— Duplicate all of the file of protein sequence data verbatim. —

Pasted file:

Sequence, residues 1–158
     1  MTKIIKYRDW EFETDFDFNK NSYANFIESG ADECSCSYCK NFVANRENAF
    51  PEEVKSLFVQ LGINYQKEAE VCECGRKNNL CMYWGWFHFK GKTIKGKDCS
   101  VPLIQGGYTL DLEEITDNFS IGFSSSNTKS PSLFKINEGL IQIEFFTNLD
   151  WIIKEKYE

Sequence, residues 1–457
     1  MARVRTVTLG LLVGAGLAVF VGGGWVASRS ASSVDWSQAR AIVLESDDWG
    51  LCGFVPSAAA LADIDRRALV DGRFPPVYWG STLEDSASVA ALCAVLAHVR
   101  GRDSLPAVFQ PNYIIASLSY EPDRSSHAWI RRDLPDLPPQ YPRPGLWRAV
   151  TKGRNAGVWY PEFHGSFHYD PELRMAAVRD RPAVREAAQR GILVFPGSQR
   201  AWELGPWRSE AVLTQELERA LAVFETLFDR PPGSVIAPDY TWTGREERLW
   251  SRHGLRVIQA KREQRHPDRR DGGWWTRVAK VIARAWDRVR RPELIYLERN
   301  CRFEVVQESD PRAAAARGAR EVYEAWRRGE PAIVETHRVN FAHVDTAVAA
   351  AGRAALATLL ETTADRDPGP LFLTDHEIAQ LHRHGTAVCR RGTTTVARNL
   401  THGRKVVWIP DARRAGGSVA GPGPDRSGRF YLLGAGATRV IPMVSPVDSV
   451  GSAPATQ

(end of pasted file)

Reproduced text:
Sequence, residues 1–158
     1  MTKIIKYRDW EFETDFDFNK NSYANFIESG ADECSCSYCK NFVANRENAF
    51  PEEVKSLFVQ LGINYQKEAE VCECGRKNNL CMYWGWFHFK GKTIKGKDCS
   101  VPLIQGGYTL DLEEITDNFS IGFSSSNTKS PSLFKINEGL IQIEFFTNLD
   151  WIIKEKYE

Sequence, residues 1–457
     1  MARVRTVTLG LLVGAGLAVF VGGGWVASRS ASSVDWSQAR AIVLESDDWG
    51  LCGFVPSAAA LADIDRRALV DGRFPPVYWG STLEDSASVA ALCAVLAHVR
   101  GRDSLPAVFQ PNYIIASLSY EPDRSSHAWI RRDLPDLPPQ YPRPGLWRAV
   151  TKGRNAGVWY PEFHGSFHYD PELRMAAVRD RPAVREAAQR GILVFPGSQR
   201  AWELGPWRSE AVLTQELERA LAVFETLFDR PPGSVIAPDY TWTGREERLW
   251  SRHGLRVIQA KREQRHPDRR DGGWWTRVAK VIARAWDRVR RPELIYLERN
   301  CRFEVVQESD PRAAAARGAR EVYEAWRRGE PAIVETHRVN FAHVDTAVAA
   351  AGRAALATLL ETTADRDPGP LFLTDHEIAQ LHRHGTAVCR RGTTTVARNL
   401  THGRKVVWIP DARRAGGSVA GPGPDRSGRF YLLGAGATRV IPMVSPVDSV
   451  GSAPATQ